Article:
For a sales manager transitioning from a non-leadership role, it’s easy to fall back on the sales activities you are used to. More than likely, you were hired or promoted because of your excellent sales performance. But that can be a problem.
According to research from Vantage Point Performance, average sales leaders perform at 99 percent of their target. But those managers only have 48 percent of their reps achieving quota.
“This proves something that we anecdotally know: A lot of sales managers can get to their quota not because [all of] their reps are knocking it out of the park, but because they have one or two or three reps that are knocking it out of the park…or perhaps they’re making it up with their own sales,” Vantage Point Performance partner Jason Jordan explains during a presentation of the data.
Because sales managers have spent so much time selling, they often end up selling alongside their reps just to achieve quota. This hinders not only your ability to manage a team, but also your team’s ability to succeed on their own. Sales leadership requires a different set of skills than selling. You must focus on different sales activities to excel in this role.
The first five sales activities every new manager should focus on
When you move into a leadership role, your job is no longer about you. It’s about your team. And before you can do anything as a sales manager, you need to get buy-in from them.
Imagine if you were in their position: How would you feel if a new sales manager came in (or was promoted from being a teammate) and just started ordering everyone around. You’d hate it. And so will your reps, if that’s your approach.
Study leadership even before your first day as a sales manager. Here are a few ways to do that:
- Ask your supervisor for management training (either from current sales leaders at your organization or a sales management training program).
- Research articles about sales management best practices.
- Connect with other modern sales leaders.
- Read books about sales management and business leadership.
The average tenure of a sales leader is less than two years. Equip yourself with sales management training and skills so you don’t become part of that statistic.
As a sales manager, your strongest asset is your team. Get to know them. Find out what drives them, and what their long- and short-term professional goals are. The secret to successful sales leadership is understanding your people.
Then you should observe the current sales process of your organization and take notes. Sit in on a few sales calls. Attend a few discovery meetings. Review collateral, proposals and other materials being used by the team. Get a solid understanding of how prospects go from lead to customer (and beyond).
Interview your team members about the current processes. Ask them what they think is working and what isn’t. Talk to fellow sales managers and even VPs. Like a seasoned surgeon, you must understand how everything functions and identify the pain points before going in to fix or improve them. This also shows your new team and colleagues that you care about their feedback, which generates buy-in.
While your new title is “sales” manager, sales is actually an outcome. It’s a result, and therefore can’t be managed. But research tells us that sales leaders must manage and coach the sales activities of their teams that lead to the desired quota results. We call these your key selling activities.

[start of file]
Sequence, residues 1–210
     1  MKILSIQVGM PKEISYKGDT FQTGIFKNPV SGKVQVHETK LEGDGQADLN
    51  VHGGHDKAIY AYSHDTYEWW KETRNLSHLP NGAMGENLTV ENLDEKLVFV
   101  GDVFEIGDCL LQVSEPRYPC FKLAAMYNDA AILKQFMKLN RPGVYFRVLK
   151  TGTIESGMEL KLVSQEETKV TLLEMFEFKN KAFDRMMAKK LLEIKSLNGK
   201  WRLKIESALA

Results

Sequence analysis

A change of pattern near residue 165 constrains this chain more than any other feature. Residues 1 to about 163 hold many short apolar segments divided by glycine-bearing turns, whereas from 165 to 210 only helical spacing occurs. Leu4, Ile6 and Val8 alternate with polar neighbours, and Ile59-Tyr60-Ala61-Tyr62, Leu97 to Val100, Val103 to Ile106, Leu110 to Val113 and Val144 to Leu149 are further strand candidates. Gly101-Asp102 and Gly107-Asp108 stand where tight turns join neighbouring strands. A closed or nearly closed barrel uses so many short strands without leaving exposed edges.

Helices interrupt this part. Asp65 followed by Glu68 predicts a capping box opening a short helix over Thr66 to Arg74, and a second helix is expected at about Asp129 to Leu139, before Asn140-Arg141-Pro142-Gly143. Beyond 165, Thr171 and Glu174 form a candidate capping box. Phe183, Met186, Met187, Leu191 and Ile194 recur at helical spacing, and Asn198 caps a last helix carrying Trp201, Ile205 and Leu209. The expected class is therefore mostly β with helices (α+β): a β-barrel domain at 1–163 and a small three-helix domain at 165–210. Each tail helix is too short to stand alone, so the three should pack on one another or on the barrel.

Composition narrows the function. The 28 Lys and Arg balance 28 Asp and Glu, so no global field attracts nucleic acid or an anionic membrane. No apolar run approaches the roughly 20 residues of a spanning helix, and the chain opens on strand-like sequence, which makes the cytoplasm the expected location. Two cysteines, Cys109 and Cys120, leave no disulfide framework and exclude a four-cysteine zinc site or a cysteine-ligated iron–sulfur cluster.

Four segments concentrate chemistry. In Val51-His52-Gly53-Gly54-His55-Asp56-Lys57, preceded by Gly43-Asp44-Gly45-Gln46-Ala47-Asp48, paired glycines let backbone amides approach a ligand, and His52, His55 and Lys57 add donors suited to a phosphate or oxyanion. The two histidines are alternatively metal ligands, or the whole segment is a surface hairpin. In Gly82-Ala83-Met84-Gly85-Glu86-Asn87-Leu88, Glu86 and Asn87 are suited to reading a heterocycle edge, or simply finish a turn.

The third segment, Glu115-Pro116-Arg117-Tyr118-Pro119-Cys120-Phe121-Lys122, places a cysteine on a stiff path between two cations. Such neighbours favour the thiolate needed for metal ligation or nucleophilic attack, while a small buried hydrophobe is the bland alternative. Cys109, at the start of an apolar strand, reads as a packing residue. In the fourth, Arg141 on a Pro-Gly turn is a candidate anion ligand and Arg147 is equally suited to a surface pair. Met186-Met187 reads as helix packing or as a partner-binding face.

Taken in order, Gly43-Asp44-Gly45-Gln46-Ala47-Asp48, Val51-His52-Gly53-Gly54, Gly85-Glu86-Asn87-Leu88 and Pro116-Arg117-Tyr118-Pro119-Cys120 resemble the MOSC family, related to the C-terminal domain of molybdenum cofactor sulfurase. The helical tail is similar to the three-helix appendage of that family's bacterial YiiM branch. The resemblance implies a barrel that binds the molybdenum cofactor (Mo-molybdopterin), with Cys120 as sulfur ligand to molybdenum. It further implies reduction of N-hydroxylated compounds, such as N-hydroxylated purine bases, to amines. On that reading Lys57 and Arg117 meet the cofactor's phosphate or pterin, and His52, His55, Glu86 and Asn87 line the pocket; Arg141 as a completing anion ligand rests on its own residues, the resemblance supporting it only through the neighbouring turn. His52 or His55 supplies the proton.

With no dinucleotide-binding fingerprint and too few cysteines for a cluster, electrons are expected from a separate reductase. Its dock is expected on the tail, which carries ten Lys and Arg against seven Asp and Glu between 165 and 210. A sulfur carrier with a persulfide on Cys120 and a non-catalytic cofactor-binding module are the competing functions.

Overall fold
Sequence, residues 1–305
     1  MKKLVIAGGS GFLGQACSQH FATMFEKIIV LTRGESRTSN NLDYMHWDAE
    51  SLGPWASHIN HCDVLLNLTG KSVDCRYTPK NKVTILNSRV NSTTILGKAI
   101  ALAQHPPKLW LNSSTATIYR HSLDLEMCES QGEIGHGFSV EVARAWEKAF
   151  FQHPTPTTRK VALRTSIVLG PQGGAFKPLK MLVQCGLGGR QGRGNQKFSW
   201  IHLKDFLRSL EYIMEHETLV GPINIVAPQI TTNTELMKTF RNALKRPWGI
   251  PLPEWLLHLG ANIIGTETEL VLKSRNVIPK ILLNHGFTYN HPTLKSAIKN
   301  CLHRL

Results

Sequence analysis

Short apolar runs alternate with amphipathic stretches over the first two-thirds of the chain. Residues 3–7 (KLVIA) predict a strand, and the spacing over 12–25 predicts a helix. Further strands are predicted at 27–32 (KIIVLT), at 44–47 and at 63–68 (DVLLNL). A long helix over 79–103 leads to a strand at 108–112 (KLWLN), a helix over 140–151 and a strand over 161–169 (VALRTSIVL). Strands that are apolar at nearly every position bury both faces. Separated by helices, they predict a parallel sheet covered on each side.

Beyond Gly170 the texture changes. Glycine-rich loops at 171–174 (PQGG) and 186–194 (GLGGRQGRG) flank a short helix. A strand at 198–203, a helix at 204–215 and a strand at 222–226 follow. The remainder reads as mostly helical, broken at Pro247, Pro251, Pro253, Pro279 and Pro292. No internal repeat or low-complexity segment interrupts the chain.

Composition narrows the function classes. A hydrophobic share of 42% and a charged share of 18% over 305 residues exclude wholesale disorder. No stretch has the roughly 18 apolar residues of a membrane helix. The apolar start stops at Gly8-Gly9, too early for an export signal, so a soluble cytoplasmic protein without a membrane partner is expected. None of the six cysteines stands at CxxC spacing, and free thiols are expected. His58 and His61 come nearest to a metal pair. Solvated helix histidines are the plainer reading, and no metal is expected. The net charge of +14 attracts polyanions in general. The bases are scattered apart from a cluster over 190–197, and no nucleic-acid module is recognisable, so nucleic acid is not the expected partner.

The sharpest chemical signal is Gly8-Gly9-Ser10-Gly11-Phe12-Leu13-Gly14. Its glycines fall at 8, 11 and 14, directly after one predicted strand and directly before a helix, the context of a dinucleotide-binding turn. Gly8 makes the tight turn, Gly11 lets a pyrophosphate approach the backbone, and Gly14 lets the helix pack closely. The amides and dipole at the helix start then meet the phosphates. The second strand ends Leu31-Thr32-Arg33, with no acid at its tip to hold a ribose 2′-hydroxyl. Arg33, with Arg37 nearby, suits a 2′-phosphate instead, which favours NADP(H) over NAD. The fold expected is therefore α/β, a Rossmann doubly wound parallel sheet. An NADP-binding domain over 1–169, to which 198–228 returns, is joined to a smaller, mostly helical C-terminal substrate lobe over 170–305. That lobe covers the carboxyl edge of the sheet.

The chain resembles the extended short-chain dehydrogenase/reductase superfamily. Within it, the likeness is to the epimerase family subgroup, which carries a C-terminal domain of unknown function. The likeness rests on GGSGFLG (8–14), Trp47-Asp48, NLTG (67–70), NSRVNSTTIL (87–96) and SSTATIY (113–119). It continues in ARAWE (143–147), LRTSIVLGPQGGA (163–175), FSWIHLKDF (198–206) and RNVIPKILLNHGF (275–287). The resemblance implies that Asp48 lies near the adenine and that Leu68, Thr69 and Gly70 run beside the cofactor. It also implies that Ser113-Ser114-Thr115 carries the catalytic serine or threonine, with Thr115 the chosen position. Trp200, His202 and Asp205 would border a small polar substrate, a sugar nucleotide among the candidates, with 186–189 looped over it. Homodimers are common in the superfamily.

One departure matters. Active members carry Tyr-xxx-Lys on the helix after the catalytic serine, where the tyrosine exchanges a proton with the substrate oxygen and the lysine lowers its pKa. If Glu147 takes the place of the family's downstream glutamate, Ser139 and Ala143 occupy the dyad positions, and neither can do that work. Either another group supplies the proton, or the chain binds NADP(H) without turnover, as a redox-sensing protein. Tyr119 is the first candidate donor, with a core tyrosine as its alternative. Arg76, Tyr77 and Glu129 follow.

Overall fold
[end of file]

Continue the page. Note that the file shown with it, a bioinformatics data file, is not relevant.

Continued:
After reviewing your sales process, determine which activities move opportunities from one stage to the next. A field sales team might have a process like …
- Identify and meet with a prospect that fits buyer persona.
- Discover prospect’s pain point and explain how your product or service can solve it.
- Send prospect proposal and negotiate a contract.
- Close deal and welcome new customer.
When we simplify the literal activities that make that process happen, they could look like this:
- Face-to-face meeting
- Create opportunity
- Send proposal
- Close deal
Those are the key selling activities for the field sales team. A best practice is to select three leading indicators and one lagging indicator. If you try to make reps focus on too many metrics at once, they don’t know what is most important and can’t prioritize their activities accordingly.
Use this guide to calculate how much of each activity you should assign to reps. For research and new data on the key performance indicators that are being used by top sales teams, grab a copy of the 2017 Sales KPI Report.
If your team hasn’t been given defined sales activities (and goals) before, you need to introduce the concept and get buy-in from the team. Help them understand why they should care.
Explain that you’re putting this process in place to empower your team to do their best work. These defined sales activities for reps provide them with a path from lead to close, and allows you to motivate, coach and course-correct performance. Check out a few best practices for having this conversation.
After presenting your key selling activities, provide your reps with personalized performance scorecards so they may track them. Be clear about your expectations for how and when you expect the activities to be completed (but don’t forget to grant your reps autonomy in their role, which studies show is a powerful intrinsic motivator). In addition, you should also establish consistent coaching sessions and weekly one-on-ones with your reps.
Sales management is a challenging role, but it’s also very rewarding – not to mention very necessary to the success of any organization. Use these sales activities in your first few weeks as a new manager to establish your role as an advocate for your team, which is the heart and soul of any leadership role.